As Sonny and Cher so nobly put it, “The Beat Goes On.” Or maybe the “beast” goes on. I suspect we need to accept the fact that our lives are changing for the foreseeable future. It might become the year of Amazon, Zoom, takeout food or other similar products and services not requiring on-site personal involvement.
We try to stay connected in various ways. As the CFO at the Printery in Port Townsend, I head up there a couple of times per week to stay in touch with the business. I have been working particularly hard understanding the Printery’s eligibility for the one or more of the federal, state and local programs available to support the business and the folks we work with. The Business Guides in Port Townsend conducts a weekly Zoom meeting on Friday afternoons providing up-to-date, yet changing, information on the programs and the local business people who can help.
Last week it was Carolyn Pedersen of Full Circle HR and Kristin Manwaring of KMI Insurance helping out with crucial information. If you want in these sessions contact Shelly Randall at the Business Guides and she can help you.
BJ and I are trying to take a walk every day and have been somewhat successful, although we tend to go not as far as we have in the past. We recently encountered Tim and Katie Jablonski on the road and caught up a little. She was excited their son had come to visit, and he related his exploits skiing until the ski areas shut down. The next day we saw Diane Neesz who talked about the Hallmark greeting cards she was able to procure from their website. It is always fun to meet up with Jim Brannaman too.
We enjoyed another “cocktail” party with Steve/Fran Gross and Vic/Sharon Draper, this time up at the Gross’. (“GrossPoint” if you haven’t already seen the marker on the driveway.) Sitting outside in the warm late afternoon sun enjoying a little fellowship is certainly preferable to getting together over Zoom, although Zoom is preferable to nothing at all. Actually, catching up with old friends/family over Zoom is pretty fun and as I indicated earlier, that activity might be a much bigger part of our lives going forward.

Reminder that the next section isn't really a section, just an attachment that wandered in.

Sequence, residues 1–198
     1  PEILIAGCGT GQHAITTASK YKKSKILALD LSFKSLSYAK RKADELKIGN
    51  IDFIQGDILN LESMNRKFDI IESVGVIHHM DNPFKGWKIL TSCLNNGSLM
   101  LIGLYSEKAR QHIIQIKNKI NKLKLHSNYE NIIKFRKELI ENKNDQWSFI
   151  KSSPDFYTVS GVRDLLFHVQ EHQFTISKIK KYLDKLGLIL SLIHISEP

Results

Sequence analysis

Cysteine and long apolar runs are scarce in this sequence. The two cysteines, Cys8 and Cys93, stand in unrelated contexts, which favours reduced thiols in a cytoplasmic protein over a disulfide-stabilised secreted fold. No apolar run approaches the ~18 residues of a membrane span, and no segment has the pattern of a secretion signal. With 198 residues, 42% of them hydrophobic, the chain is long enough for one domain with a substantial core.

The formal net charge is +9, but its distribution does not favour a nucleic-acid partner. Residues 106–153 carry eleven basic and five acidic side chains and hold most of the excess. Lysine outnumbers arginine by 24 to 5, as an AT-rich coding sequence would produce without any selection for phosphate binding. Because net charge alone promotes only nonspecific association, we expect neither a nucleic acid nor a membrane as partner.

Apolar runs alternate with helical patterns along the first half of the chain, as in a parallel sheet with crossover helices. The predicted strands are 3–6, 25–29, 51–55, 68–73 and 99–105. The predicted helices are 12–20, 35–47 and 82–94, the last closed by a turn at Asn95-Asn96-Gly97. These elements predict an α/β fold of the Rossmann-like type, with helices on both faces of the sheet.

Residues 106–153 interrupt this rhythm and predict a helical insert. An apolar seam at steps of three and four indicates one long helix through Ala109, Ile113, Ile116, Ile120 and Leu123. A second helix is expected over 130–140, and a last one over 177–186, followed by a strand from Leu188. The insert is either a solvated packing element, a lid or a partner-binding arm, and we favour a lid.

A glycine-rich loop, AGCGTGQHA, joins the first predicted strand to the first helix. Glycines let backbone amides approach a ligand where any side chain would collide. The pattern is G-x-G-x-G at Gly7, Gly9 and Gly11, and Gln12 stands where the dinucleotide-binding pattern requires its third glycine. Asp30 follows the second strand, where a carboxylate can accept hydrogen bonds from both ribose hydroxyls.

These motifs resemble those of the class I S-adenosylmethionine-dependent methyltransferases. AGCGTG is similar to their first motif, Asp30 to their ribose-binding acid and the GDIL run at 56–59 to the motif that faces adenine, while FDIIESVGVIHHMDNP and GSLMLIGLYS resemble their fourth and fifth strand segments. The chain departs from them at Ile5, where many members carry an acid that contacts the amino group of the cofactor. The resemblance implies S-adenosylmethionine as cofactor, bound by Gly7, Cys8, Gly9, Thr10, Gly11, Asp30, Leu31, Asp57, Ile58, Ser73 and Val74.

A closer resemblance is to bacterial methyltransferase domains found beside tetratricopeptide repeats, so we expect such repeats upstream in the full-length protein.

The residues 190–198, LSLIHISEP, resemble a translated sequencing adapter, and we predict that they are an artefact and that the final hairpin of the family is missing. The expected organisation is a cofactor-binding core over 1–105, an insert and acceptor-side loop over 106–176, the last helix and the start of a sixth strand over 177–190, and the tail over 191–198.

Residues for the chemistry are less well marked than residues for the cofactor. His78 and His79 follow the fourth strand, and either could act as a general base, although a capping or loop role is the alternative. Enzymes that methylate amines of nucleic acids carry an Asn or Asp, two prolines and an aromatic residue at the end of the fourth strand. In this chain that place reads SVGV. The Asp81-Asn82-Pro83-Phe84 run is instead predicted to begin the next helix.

Michael Carroll is a talented local piano player up on the hill in north Port Ludlow. Each afternoon about 4 p.m., he opens the windows in the room holding his piano and plays for the assembled neighbors for 15-20 minutes. Yep, it is very cool.
My Rotary friend, Meredith Green, is the treasurer of Kitsap County. At a recent meeting, via Zoom, she provided the following timely anonymous poem:
“When you go out and see the empty streets, the empty stadiums, the empty train platforms, don’t say to yourself, “it looks like the end of the world.” What you are seeing is love in action.
What you’re seeing in that negative space is how much we do care for each other, for our grandparents, for our immune- compromised brothers and sisters, for people we will never meet.
People will lose their jobs over this, some will lose their businesses, and some will lose their lives.
All the more reason to take a moment when you’re out on your walk, or on your way to the store, or just watching the news, to look into the emptiness and marvel at all that love.
Let it fill you and sustain you.
It is not the end of the world, it is the most remarkable act of global solidarity we may ever witness.”
Love a curmudgeon while staying home, and have a great week!
(Ned Luce is a retired IBM executive who loves all things Ludlow.)